Individual survey questions may introduce noise – there’s rarely a perfect question that will be interpreted the same way by all people. Individuals may also tend to fill out any given question in certain ways, liking more moderate or more extreme responses, for example. Both of these factors introduce noise.
However, with enough questions and enough people providing data, you can deal with the first issue by identifying clusters of questions that tap into the same general idea. You can deal with the second issue by administering the survey to many different people and looking at correlations with other surveys and behavioral measures.
We can also use this process to identify differences between groups – if questions cluster for some groups but not for others – we have to think carefully about why this might be the case, why the same survey questions might tap into different ideas for different groups of people.
We can then compare the survey response to what we learned from our participant observation. Do differences in the language that people use to talk about race show up as actual differences in survey response? Do similarities show up as actual similarities?
There are numerous surveys available to tap into prejudice, stereotyping, and interpersonal motivation. Commonly used scales include the Modern Racism Scale (McConahey, 1986), the Pro and Anti-Black Attitudes Questionnaire (Katz & Haas, 1988), Dunton and Fazio (1995)’s Motivation to Control Prejudice Reactions scale, and Plant and Devine (1998)’s Internal and External Motivations to Respond Without Prejudice. These surveys have been extensively studied – predicting a variety of behavioral traits including reactions to African American authors and speakers and in person interracial interactions.
These surveys, in general, focus on negative attitudes towards African Americans as a group (with the exception of the Pro and Anti-Black Attitudes Questionnaire, which considers positive and negative attitudes).
The Motivation to Control Prejudiced Reactions scale assumes that people have stereotype-driven reactions and seek to control them. The Internal and External Motivations to Respond Without Prejudice scale assumes that these attempts at acting non-prejudiced can be driven by internal (personal) and external (social) reasons.
Internally-driven people, for example, are more likely to act from an egalitarian framework (Johns, Cullum, Smith, & Freng, 2008). This egalitarian framework treats individuals as individuals. Membership in a social category is acknowledged as a potential influence on what an individual becomes. However, for an egalitarian, the individual is best understood as a unique entity, the product of many, interacting, factors.
Other researchers contrast multicultural ideologies – ideologies that acknowledge that belonging to different social categories shapes your experience – with colorblind ideologies – perspectives that judge every individual by the same standard, regardless of what factors lead them to be who they are.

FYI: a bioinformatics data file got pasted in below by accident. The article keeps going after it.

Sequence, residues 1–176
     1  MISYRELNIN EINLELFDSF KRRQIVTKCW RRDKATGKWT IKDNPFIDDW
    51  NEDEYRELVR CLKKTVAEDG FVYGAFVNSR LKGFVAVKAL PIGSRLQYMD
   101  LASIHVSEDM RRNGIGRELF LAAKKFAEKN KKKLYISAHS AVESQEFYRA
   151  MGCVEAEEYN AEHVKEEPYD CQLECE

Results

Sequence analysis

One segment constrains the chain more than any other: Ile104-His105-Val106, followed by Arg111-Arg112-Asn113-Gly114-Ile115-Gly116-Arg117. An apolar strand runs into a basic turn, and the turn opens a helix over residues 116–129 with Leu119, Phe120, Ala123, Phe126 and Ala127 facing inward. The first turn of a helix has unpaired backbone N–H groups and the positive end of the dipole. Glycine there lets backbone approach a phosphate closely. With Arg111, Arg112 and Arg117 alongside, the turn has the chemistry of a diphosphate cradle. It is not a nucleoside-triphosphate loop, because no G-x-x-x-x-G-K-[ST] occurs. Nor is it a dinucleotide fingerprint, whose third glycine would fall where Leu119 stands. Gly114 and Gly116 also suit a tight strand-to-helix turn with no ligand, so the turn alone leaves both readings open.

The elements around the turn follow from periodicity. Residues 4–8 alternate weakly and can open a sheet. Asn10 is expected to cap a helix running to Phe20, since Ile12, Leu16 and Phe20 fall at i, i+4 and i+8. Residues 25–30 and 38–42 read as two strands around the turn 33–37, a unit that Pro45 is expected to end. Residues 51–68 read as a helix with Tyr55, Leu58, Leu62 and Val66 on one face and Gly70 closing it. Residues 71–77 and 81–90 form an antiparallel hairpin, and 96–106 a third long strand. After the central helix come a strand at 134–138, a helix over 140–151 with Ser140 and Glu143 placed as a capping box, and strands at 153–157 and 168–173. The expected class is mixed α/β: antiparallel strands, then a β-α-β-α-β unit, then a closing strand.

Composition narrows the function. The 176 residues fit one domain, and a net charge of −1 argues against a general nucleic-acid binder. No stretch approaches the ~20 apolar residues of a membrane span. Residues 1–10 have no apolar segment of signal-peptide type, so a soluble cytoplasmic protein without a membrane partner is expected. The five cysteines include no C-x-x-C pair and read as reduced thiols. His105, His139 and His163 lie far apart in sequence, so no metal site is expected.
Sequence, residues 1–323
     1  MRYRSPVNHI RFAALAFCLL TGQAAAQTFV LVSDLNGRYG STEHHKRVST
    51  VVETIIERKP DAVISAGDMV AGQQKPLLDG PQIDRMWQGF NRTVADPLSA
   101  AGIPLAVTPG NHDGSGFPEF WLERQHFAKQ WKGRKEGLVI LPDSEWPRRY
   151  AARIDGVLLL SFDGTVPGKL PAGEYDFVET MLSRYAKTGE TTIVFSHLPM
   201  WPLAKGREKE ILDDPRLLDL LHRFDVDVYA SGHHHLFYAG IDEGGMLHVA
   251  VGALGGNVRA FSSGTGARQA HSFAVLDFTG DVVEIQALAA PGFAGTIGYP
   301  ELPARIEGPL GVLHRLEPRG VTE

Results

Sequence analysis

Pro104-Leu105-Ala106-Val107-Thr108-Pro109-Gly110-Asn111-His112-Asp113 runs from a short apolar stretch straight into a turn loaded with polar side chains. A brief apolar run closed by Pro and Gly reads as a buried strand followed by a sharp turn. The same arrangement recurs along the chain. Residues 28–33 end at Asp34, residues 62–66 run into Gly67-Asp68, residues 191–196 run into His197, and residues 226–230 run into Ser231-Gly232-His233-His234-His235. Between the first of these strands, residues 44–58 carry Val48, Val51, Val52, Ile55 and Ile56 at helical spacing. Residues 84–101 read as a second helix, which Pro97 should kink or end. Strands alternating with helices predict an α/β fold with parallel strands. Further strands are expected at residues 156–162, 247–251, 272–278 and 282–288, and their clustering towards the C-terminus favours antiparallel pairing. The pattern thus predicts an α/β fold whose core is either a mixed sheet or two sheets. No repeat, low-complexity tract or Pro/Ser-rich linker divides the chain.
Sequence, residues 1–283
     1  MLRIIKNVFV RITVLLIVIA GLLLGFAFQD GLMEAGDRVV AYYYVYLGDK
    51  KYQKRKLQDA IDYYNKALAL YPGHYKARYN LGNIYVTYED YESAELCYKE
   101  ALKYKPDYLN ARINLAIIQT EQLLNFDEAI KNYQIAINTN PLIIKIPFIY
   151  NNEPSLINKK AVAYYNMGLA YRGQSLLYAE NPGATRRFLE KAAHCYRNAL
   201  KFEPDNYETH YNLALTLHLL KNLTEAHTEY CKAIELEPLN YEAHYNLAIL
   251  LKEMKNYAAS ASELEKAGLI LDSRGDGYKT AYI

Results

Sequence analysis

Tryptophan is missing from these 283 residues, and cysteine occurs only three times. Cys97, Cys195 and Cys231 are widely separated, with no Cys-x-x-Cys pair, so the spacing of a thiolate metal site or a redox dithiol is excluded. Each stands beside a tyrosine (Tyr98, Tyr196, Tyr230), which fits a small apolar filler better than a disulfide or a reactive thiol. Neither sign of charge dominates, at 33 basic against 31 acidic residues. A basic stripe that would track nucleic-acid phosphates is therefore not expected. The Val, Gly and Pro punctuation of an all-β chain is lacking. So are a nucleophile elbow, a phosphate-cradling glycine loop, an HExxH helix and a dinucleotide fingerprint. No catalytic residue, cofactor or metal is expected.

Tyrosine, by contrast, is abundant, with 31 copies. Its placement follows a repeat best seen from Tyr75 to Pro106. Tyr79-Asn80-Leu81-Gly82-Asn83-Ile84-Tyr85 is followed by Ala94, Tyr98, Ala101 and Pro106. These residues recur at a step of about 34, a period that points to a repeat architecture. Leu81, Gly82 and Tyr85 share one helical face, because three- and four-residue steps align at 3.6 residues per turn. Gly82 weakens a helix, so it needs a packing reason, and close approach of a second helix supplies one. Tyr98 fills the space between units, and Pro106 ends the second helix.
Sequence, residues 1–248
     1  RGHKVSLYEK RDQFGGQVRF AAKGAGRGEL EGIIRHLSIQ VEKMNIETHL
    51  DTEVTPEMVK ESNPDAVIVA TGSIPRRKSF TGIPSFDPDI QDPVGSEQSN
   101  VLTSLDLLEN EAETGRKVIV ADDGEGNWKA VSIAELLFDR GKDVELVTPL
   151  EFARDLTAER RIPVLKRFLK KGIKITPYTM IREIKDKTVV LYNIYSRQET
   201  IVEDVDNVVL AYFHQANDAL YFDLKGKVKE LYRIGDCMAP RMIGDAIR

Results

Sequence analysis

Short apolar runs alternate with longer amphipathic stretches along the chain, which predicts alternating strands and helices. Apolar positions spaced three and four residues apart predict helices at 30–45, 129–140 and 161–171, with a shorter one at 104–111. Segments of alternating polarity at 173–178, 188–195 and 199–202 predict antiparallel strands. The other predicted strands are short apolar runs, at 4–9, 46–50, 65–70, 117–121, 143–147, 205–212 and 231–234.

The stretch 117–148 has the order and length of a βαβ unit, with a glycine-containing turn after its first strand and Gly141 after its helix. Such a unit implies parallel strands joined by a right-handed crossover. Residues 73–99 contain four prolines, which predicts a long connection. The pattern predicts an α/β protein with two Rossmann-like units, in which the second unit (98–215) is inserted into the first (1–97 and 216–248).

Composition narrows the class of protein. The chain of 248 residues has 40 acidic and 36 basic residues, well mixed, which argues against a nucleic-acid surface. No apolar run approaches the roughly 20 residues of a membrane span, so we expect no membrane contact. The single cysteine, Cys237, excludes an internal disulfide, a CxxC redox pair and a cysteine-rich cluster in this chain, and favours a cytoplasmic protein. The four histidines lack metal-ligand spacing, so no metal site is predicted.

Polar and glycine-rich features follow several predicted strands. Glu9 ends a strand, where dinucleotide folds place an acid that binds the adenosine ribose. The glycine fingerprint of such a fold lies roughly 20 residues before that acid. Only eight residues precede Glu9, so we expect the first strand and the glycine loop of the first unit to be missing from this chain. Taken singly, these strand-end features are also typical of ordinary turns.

Planning Our Intervention:
As planned, our intervention will focus on those individual who attribute traits to all members of a group based on observations of representations of the group in the media. We want to see if we can get that person to shift their perspective. Perhaps quixotically, we want that individual to attribute traits to most members of the group based on empirically established means and standard deviations.
To do so – we would want to know the specific content of their prejudice, whether they feel any personal or social pressures to avoid being prejudiced, and whether colorblind or multicultural ideologies appeal to them. Each of these factors could influence how they interact with our intervention.
For example, someone who is purely externally (but not internally) motivated to respond without prejudice tends to self-report a greater number of and more extreme negative attitudes towards African Americans. She tends to demonstrate higher levels of implicit – automatic or unobtrusively measured – prejudice (Devine, Plant, Amodio, Harmon-Jones, & Vance, 2002; Hausmann & Ryan, 2004; Amodio, Devine, & Eddie Harmon-Jones, 2008; Plant & Devine, 2009; Schlauch, Lang, Plant, Christensen, & Donohue, 2009). When talking with someone who happens to be African American, she engages in fewer approach-oriented behaviors (she smiles less, asks fewer questions, and makes less eye contact). Further, she is consciously aware of her concern to avoid appearing prejudice and anticipates being less engaged, even before the interaction (Plant, Devine, & Peruche, 2010). They may also be less likely to pay attention to even a racially-irrelevant message when it is attribute to an African American source (Sude & Rios, 2011, conference presentation).
From this portrait, we can infer that it would be difficult to change how this socially (but not personally) motivated respond without prejudice person thinks about race. In order to do so, we would want to increase her personal motivation to change her mind. We would also want to refrain from making her anxious, refrain from signaling that she should take an avoidant, disengaged approach to our intervention.
We could appeal to values that are race-irrelevant, such as intelligence of sound-reasoning. We could then shape her critical thinking and her recognition of lower quality thinking in a way that is race-irrelevant. We could then embed information about race within a wider discussion of using statistics to make more nuanced interpretations of the social world.
If she doesn’t value intelligence or sound-reasoning, we could instead offer an intervention that directly targets her intergroup anxiety – one that will alleviate anxiety and provide effective strategies for smooth and at the same time authentic interracial interaction.
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